Back in Feb. 17, 2012, a paneled discussion at Princeton University’s McCosh Hall was attended by NJ Education Commissioner Chris Cerf. During that conversation, he stated that one of the downfalls of the policies set by No Child Left Behind was inadvertently creating schools that took on the wrong approach to teaching. How teachers taught was of great concern. Across the nation, educators were found teaching to the test and drill-and-kill teaching. As part of the Common Core educational reform, goals are set at the federal level but educators at the local level are not told how to achieve the standards set by the Common Core. For early learners like kindergarteners, play is welcomed as the approach to teaching.
The Standards define what all students are expected to know and be able to do, not how teachers should teach. For instance, the use of play with young children is not specified by the Standards, but it is welcome as a valuable activity in its own right and as a way to help students meet the expectations in this document.
New Jersey Department of Education echoes this sentiment in both math and language arts. In the document entitled Teacher Practices Related To Common Core State Standards For Mathematics, the NJ DOE states “ Encourage children to count to 100 through daily routines (e.g., games which involve counting played in small groups; “Let’s see if 100 steps will take us all the way to the playground.”).” In the document entitled, Teacher Practices Related To Kindergarten Common Core State Standards For English Language Arts, the DOE states,
In kindergarten, teachers need to capitalize on the active and the social nature of kindergarteners and their instructional needs to include rich demonstrations, interactions, and models of literacy during projects and play activities that make sense to five and six year-old children.
Having recently completed a student teaching experience at a New Jersey charter school, I have come to realize that not all kindergarten teachers approach early learning from a play-based perspective. Worksheets dominate the classroom setting and testing is regularly administered to kindergarteners. Participating in student teaching, field studies and practicums in charter and traditional public schools, others pursuing elementary and early education certification found paper and pencil driven instruction, too. While it is highly possible that I experienced an aberration in charter education, the experience may be indicative of the state of charter school education. In 2008, William Paterson University found that kindergartens across New Jersey’s Abbot districts, where most charter schools serve, are engaged in the kind of teaching Commissioner Cerf denounced.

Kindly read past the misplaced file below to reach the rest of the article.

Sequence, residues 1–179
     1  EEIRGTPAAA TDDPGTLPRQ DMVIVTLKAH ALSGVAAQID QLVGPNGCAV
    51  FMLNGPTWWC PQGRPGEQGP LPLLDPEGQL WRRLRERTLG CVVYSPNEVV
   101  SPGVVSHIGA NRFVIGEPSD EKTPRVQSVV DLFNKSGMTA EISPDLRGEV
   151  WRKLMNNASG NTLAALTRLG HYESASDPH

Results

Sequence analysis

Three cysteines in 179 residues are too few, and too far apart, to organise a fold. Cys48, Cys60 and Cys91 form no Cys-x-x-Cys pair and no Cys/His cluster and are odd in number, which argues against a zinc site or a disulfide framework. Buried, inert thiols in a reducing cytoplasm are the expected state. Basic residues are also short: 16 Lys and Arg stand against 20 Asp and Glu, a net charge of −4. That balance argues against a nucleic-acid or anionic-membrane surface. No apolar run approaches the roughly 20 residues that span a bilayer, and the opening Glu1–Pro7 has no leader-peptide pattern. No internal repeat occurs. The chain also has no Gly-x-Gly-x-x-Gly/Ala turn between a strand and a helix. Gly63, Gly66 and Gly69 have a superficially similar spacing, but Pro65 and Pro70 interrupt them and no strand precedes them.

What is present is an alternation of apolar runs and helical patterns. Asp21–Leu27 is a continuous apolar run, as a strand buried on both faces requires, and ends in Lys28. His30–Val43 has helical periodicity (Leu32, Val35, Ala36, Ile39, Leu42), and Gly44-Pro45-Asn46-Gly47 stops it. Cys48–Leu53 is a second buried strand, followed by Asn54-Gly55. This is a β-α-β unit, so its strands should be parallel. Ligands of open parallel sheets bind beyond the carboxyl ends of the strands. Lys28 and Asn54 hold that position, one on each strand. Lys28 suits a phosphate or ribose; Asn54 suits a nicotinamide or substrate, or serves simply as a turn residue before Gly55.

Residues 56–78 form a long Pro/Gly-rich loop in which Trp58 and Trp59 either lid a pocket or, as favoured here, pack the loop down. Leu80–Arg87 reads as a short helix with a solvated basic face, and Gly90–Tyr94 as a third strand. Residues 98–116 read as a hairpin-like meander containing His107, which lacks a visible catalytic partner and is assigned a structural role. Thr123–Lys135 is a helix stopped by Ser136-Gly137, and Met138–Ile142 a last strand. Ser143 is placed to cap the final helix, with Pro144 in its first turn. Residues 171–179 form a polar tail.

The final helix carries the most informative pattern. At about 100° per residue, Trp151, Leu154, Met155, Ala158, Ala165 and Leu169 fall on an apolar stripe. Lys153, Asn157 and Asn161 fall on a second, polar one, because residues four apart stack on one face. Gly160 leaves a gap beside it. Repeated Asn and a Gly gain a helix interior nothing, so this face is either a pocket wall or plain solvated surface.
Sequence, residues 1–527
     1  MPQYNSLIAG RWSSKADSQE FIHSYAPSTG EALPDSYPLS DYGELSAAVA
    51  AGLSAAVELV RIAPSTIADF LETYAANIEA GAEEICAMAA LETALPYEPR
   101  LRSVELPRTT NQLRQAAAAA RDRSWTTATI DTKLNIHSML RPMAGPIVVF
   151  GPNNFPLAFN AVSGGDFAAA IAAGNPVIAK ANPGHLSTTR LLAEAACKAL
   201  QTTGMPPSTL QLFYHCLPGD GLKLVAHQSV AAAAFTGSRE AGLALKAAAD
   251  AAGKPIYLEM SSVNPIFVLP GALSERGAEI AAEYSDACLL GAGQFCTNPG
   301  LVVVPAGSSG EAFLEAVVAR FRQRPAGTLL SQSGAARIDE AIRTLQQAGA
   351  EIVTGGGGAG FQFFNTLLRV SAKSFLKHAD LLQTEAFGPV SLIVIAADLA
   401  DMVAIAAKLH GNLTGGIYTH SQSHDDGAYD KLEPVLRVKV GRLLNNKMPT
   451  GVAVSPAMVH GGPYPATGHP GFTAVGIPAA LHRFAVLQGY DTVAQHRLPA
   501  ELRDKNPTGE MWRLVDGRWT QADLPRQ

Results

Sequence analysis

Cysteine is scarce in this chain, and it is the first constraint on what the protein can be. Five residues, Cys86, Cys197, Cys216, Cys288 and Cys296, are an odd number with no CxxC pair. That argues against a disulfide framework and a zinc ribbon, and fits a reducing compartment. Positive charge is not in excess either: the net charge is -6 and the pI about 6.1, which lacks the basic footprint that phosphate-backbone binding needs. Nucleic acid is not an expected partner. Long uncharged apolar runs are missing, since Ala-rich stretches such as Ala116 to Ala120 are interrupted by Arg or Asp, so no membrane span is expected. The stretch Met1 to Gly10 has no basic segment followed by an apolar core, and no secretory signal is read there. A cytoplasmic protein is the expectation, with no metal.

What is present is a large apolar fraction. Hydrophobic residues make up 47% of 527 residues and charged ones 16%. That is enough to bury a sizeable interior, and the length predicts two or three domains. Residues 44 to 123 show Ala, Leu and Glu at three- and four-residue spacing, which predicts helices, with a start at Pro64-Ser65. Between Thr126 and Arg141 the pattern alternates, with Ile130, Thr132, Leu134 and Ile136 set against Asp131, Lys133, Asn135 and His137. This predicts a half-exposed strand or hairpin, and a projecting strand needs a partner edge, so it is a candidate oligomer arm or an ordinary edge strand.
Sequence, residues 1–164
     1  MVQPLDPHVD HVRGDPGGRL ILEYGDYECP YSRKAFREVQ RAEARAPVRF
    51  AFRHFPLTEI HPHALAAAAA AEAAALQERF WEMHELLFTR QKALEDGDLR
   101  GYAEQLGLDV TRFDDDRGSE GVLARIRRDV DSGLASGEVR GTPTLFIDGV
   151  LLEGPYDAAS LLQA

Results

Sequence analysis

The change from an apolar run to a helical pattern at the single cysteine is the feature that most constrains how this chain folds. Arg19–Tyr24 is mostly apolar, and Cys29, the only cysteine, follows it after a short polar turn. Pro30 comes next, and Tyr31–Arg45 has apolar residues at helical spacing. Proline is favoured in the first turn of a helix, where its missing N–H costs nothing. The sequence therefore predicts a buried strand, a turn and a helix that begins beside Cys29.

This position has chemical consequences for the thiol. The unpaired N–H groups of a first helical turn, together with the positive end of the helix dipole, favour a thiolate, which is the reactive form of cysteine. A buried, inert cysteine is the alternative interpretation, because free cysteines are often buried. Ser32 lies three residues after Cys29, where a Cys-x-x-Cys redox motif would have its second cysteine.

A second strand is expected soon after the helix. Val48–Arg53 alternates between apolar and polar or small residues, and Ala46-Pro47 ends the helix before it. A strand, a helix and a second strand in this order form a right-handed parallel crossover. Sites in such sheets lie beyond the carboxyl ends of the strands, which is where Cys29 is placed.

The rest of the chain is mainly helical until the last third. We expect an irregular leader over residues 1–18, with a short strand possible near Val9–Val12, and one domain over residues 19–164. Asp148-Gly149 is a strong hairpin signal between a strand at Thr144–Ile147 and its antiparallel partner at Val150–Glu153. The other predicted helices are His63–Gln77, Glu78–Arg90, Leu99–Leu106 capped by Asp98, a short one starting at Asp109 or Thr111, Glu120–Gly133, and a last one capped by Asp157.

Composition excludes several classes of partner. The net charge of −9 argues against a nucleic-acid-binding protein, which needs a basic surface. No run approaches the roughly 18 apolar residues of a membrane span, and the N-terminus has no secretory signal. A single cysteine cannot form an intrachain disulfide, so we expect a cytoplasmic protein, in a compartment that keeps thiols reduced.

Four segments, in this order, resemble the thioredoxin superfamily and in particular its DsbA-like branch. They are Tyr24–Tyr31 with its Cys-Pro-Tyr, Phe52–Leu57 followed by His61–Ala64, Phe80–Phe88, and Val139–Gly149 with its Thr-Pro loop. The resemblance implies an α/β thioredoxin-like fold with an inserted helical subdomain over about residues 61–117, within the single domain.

- Instruction was primarily whole group
- Worksheet use was dominant
- Hands on materials were not used in over half of the classrooms
- In most classrooms, teachers did not have informal conversations with children
- In most rooms, children did not converse with their peers
- Scant evidence of scaffolded instruction and/or differentiation;
- Insufficient use of authentic children’s literature;
- Limited opportunities for child choice during the school day;
- Not enough emphasis on issues of diversity;
- Most programs did not offer daily gross motor opportunities to children.
With Common Core standards, comes increased responsibility to ensure that children, even our youngest learners, meet standards. NJ DOE has a draft of standards for preschool. The draft states “Give children opportunities to see connections in fun and playful ways. Tap into children’s passion and enthusiasm and build on it (e.g., a child who is interested in spiders can read about them, play games about them, observe them, draw them, and write stories about them).” The state of New Jersey has set standards for math and language arts in public preschools.
|An example of mathematics standard||Represent addition and subtraction by manipulating up to 5 objects: (a) putting together and adding to (e.g., “3 blue pegs, 2 yellow pegs, 5 pegs altogether.”); and (b) taking apart and taking from (“I have 4 carrot sticks. I’m eating one. Now I have 3.”).|
|An example of language arts standard||a) Print many alphabet letters. b) Use frequently occurring nouns and verbs. c) Form regular plural nouns. d) Understand and use question words (e.g., who, what, where, when, why, how). e) Use frequently occurring prepositions (e.g., to, from, in, out, on, off, for, by, with). f) Begin to speak in complete sentences.|
These standards, designed for public preschools, will very likely permeate the state of New Jersey, but the approach to reaching these standards will vary greatly. Educators fear how teachers will teach to these standards. They fear worksheets, drill and kill teaching, and teaching to the standards will become the approach of choice for many preschools.
Montessori preschools since its inception have had an approach to early childhood much in line with Common Core’s promotion of using play to teach. However, Montessori teachers do not call it play, they call it work. Tim Seldin, President of Montessori Foundation, shares the philosophies of Montessori preschools.